In these sequences we see the dancers perform a piece by Pina Bausch, chosen according to the impact she has had on them or the feeling that her memory and her loss causes on them. Some performances are drowned in pain, effort, desperation, but some others express love, celebration and joy.
The intersecting archive material from Pina Bausch staring at the camera, or her laconic words remembered by her collaborators manage to bring her back to life. The viewers have the impression that they adopt Pina’s position and that their eyes become Pina’s eyes, looking on the performers of her Dance Theatre company.
The structure of the film and the way Wim Wenders manages to revive Pina’s presence results in an emotional film that celebrates Pina’ life; the lamentation of her loss is just one simple side note of sadness, within a film that is overwhelmed by life, love and joy.
From the tridimensional stage to the 3D film
Pina has been hailed as “the world’s first 3D art house film”. And although in a few years such a feature might go unnoticed –just like nobody comments if a film is in colour or if it is a “talkie”, as they might have done when these “novelties” were introduced- today it is hard to ignore it.
The transition to 3D filming means that a new cinematographic language is dawning; whereas the use of 3D in animation constitutes no particular problem, when it comes to real images, it presents the creator with the challenge of opening a path in an unchartered territory. Apart from the fact that the technology is still under development, one extra difficulty is to overcome the problems within the medium in order to represent action in a lifelike way; for example, it is difficult to give a sense of continuity to a movement that is very fast –like some very intense choreographies within the film- and to represent the illusion of the tridimensional space.
When it comes to the interior spaces of the theatrical stage, the illusion works perfectly; the dramatic lights of the stage and the fact that the movement is already orchestrated in separate grounds –foreground, middle and background- help create the impression of an infinite space, where the viewer walks among the dancers and participates in the action. The images and the colors in the interior spaces become very vivid, as if they were on the theatrical stage.
On the other hand, when the action moves to exterior spaces, the flaws of the medium can be more easily perceived: the continuity of space feels orchestrated like a theatrical stage –whereas the real world has multiple ground in all directions-, the lines might seem discontinuous and the endless details of the cityscape distract the viewer from the action. It is a hyperrealistic view that competes with the poetic movements of the performance, at times undermeaning it.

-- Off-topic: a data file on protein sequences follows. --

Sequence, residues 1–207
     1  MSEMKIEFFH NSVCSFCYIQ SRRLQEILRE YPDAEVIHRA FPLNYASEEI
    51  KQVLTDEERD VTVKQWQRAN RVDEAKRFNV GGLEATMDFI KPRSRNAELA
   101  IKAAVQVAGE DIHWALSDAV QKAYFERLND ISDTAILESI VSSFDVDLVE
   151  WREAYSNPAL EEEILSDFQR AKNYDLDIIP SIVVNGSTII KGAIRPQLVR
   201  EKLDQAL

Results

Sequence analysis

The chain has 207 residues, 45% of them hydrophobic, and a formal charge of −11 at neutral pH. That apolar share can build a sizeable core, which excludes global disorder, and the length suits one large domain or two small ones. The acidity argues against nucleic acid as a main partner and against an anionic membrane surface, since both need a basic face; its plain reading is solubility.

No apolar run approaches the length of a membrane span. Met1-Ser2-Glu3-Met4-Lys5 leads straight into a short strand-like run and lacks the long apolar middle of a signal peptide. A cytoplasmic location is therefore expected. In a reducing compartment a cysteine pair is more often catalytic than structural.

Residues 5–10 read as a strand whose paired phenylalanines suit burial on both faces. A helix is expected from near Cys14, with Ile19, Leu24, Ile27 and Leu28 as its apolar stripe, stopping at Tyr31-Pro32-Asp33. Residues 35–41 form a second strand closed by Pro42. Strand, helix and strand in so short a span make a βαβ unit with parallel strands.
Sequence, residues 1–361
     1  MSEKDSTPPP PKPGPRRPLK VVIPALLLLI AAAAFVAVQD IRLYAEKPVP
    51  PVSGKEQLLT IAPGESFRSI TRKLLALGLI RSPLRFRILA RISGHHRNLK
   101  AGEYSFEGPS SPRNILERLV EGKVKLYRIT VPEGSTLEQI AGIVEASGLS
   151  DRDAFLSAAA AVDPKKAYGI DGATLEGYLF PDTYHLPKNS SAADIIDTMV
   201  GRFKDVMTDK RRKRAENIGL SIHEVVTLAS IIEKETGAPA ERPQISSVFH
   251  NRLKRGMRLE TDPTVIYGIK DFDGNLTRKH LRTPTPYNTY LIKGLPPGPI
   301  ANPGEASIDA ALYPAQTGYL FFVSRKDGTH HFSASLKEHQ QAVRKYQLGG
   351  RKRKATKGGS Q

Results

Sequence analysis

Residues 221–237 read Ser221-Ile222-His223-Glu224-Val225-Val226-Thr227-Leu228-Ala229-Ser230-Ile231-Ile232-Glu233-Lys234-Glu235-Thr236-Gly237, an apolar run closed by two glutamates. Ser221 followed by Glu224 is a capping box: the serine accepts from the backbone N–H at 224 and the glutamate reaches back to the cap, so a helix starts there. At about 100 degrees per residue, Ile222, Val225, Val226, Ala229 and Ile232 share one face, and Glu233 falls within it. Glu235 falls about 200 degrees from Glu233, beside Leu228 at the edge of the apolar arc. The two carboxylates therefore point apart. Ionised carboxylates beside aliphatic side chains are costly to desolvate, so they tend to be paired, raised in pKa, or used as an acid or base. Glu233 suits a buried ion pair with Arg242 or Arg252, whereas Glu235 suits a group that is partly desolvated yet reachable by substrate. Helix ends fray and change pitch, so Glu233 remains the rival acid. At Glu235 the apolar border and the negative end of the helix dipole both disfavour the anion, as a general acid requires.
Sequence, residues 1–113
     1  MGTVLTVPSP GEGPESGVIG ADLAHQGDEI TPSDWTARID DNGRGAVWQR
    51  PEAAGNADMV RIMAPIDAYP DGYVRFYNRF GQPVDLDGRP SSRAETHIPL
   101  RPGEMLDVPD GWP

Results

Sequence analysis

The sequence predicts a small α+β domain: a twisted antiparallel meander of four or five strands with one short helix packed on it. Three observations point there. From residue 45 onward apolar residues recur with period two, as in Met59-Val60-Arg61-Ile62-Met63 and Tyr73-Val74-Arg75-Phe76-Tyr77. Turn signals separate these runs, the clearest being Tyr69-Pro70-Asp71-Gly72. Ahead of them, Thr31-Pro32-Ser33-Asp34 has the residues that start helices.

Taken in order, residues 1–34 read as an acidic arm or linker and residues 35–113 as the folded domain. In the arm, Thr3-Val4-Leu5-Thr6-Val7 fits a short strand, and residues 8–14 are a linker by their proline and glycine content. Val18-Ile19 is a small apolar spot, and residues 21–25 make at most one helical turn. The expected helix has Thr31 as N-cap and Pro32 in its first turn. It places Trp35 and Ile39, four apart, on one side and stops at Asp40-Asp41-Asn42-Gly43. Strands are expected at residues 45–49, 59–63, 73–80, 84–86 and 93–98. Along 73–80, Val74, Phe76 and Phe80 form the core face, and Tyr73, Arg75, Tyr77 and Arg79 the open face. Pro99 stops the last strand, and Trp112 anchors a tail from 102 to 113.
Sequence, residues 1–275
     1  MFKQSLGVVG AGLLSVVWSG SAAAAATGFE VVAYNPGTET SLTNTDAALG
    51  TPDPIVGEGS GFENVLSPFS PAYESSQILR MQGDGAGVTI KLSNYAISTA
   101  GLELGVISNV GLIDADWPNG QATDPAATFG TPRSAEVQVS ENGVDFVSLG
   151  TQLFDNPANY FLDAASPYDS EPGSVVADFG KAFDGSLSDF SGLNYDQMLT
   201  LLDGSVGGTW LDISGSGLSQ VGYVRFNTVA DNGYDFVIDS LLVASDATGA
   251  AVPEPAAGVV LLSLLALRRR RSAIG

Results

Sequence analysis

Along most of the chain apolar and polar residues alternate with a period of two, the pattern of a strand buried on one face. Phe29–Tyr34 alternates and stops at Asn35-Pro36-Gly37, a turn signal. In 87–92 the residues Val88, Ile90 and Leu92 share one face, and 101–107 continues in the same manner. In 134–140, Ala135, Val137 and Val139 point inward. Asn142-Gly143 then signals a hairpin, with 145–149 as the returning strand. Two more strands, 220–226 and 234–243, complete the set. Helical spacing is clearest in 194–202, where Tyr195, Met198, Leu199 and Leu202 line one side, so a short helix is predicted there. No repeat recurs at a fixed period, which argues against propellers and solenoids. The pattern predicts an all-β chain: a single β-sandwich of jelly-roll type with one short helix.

However, this disadvantage is annulled when the dancers move from the city to the open space of the countryside. Wim Wenders is the absolute master when it comes to capturing the essence and sensation of a wide space or an open sky. In the desert scenes of Until the End of the World, or the skyline images in Wings of Desire Wenders shows an unparalleled talent in giving an infinite depth to the line of the horizon, and in putting into film frame the contrast between a red earth and a deep blue sky, or an empty sky and a vivid city. This talent manages to turn the novelty of the 3D filming in Pina to an even greater advantage. The dancers in the countryside move in a way that defines and defies the line of the horizon –defining it with consecutive movements right on the edge and defying it as they dance on the edge of a cliff, facing the void beneath.
Overall, the question of 3D is more than a matter of technology. It is also a question of learning again how to “see” the world on the cinematographic screen. As the first audiences learnt to recognize a motion picture as a reflection of the world, and, a few decades later, accepted the convention that the audio was coming from the motion picture on the screen –even though it actually came from the speakers in the cinema-, today’s viewers are faced with the challenge to recognize a tridimensional space on the screen and to disregard any flaws –that also exist in conventional film, but we have learnt to ignore them.
Pina is doubtlessly a unique film; but in the end, this is not so much an outcome of the technological novelties. What makes it an exceptional film is the poetic vision of Wenders and his capability to revive Pina Bausch’s presence, to present the magnitude of her artistic work and to introduce the viewer to a world that is poetic, but still real.
Pina (2011). Film. Directed by Wim Wenders.
Climenhaga, Royd (2009), Pina Bausch, New York: Routledge.
Connor, Steven (1989), Postmodernist Culture: an Introduction to Theories of the Contemporary, Oxford: Wiley-Blackwell.